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Google Sheets: Scraping data from the internet

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Introduction

By now you should be familiar with Google Sheets as a tool for managing, cleaning and manipulating data for analysis using basic commands and formulae. Most often to import data into Google we either by copy and pasting from another file or by upload a CSV or XLS file.

Sheets can also import data directly from an online source or by “scraping” website. Scraping simply means copying data from a live website into a tool for analysis.

Set it up correctly, and when the data source updates, so will your spreadsheet.

To get started, open us this webpage in a new browser window: https://en.wikipedia.org/wiki/Trafficking_in_Persons_Report

Finding tables in a webpage

You can see that this Wikipedia page, which provides information on the US State Department’s Trafficking In Persons Report (TIP), indicating each nation’s ranking. The ranks are one to three, with three being the highest likely prevalence of trafficking. A “w” indicates that the country is tier 2, but in danger of slipping to tier 3. 

It’s a useful aggregation of data published over a ten year period – and we might want to use it for our own reporting.

We can import the table directly into a spreadsheet for manipulation. In order to do so, we can open up a new spreadsheet in Google Sheets and put our cursor in Cell A1.

Importing tables

To scrape data from a webpage, we use the IMPORTHTML formula. This formula is simple to use – we need to reference a webpage URL, tell it what type of data we are looking for, and the position of that data on the page. 

In this case, our formula in A1 will be:

=IMPORTHTML(“https://en.wikipedia.org/wiki/Trafficking_in_Persons_Report”, “Table”,1)

The one at the end indicates that this is the first table on the webpage.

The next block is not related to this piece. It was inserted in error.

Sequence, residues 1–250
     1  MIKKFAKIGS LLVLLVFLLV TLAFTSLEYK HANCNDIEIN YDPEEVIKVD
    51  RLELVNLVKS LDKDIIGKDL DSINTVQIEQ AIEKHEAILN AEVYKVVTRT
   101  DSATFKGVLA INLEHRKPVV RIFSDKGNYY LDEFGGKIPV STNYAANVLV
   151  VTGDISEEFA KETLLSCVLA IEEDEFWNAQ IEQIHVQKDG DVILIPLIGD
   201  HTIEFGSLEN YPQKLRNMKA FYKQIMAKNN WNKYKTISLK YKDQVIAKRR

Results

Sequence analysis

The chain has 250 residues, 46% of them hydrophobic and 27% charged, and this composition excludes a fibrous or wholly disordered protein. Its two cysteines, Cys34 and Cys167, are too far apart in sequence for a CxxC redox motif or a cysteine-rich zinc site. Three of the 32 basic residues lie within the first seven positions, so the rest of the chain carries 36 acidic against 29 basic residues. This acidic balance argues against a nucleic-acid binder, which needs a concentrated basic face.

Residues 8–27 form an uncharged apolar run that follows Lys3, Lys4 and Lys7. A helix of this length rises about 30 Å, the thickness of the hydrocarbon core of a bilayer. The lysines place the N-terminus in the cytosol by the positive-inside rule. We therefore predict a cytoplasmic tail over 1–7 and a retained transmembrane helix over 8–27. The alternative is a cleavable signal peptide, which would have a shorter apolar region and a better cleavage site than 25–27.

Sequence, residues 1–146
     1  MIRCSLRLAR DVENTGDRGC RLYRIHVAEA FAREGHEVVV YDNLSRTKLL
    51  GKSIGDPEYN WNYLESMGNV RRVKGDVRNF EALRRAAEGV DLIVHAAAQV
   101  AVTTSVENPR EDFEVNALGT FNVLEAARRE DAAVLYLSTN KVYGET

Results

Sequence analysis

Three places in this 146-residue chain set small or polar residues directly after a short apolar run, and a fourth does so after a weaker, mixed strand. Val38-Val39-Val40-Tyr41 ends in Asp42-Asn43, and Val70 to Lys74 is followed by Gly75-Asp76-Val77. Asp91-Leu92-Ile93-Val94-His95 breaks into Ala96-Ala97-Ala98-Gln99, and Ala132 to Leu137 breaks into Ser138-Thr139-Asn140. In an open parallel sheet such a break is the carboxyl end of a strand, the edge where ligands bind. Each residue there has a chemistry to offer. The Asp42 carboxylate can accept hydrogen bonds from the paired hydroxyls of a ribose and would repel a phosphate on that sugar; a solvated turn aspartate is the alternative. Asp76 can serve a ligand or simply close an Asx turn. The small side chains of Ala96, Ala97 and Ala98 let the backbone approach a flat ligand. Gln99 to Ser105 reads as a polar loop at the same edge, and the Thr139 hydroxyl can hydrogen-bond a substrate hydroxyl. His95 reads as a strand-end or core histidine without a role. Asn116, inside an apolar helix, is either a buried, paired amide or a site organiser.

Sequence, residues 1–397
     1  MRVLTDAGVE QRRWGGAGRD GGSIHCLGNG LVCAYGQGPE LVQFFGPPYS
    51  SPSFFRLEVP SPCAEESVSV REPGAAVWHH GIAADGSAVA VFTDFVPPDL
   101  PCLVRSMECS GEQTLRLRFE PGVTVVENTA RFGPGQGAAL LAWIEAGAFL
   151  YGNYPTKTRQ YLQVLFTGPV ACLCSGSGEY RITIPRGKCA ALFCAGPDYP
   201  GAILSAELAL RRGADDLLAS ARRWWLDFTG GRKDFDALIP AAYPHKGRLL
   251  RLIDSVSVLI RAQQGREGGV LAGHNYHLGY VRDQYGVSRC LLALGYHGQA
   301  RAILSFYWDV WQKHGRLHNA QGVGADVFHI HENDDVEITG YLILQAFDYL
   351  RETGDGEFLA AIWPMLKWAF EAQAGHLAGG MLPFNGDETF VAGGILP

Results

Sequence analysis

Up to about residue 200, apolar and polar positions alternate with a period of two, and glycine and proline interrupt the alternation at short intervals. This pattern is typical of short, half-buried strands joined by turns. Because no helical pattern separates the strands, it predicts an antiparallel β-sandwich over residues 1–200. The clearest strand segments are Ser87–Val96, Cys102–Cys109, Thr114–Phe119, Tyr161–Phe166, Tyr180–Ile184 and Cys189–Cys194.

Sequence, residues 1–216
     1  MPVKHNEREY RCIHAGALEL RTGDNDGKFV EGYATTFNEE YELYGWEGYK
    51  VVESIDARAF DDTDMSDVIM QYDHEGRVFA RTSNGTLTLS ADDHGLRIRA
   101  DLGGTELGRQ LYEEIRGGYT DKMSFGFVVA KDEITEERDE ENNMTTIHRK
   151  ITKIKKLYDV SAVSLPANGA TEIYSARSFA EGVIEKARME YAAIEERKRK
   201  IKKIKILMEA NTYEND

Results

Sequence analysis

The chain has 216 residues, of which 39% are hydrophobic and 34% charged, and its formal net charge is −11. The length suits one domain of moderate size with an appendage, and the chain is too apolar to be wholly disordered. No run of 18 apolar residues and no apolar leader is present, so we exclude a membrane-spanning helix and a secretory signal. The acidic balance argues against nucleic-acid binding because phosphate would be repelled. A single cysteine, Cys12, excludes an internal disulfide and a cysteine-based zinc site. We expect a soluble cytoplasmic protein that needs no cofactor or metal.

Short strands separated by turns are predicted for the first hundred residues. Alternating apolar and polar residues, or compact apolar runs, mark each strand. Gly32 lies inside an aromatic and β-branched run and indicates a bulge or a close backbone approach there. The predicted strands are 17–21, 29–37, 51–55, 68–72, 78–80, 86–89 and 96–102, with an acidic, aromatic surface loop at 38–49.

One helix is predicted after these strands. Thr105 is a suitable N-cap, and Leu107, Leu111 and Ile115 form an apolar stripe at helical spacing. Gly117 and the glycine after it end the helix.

Importing CSV files

We can also import CSV files in a similar manner. You will often find CSV files for useful data that are regularly updated in repositories such as Github. For example, this is a repository of datasets in CSV format, which contain information about human trafficking cases in the US, compiled using FBI reports for a project by Sean F Larson.

The direct link to the CSV file can be obtained by clicking the RAW button in Github. Copy this link into your clipboard.

IMPORTDATA formula

We use a slightly different formula to import a CSV file, IMPORTDATA. In this case, the formula is:

=IMPORTDATA(“https://github.com/DataScienceSean/human_trafficking-/raw/master/Human_Trafficking_Offenses_and_Clearances_by_State_2014_to_2017.csv“)

Working with imported data

Note that importing data in this manner should only be done on an empty table in Sheets. If you enter data into any of the cells that would get written over, the import will not work. 

For the same reason, you cannot perform functions such as Sorting on an imported table.

You can copy the imported data in to a new tab by pressing CTRL + A to select the whole table, then creating a new tab and pressing CTRL + SHIFT + V (this is Paste as values in the menu). This will remove the import formula and leave you with just the data to  work with as normal. Remember, though, that if you create a visualisation based on this new tab, it will not update when the source webpage does.

When not to use Sheets

Working with data imported or scraped in this way can be incredibly powerful. We can use formula to subset it or shape it in other tabs, in order to create visualisations and charts which will automatically update when the source data does. This can be very powerful for building live dashboards showing the latest statistics.

However, it does have limitations. Because scraping or importing into Sheets does not create a copy of the original data, it means that if the original page is removed or edited so that your target table is deleted, you will no longer be able to access the information and any visualisations you have created will no longer work.

Let’s review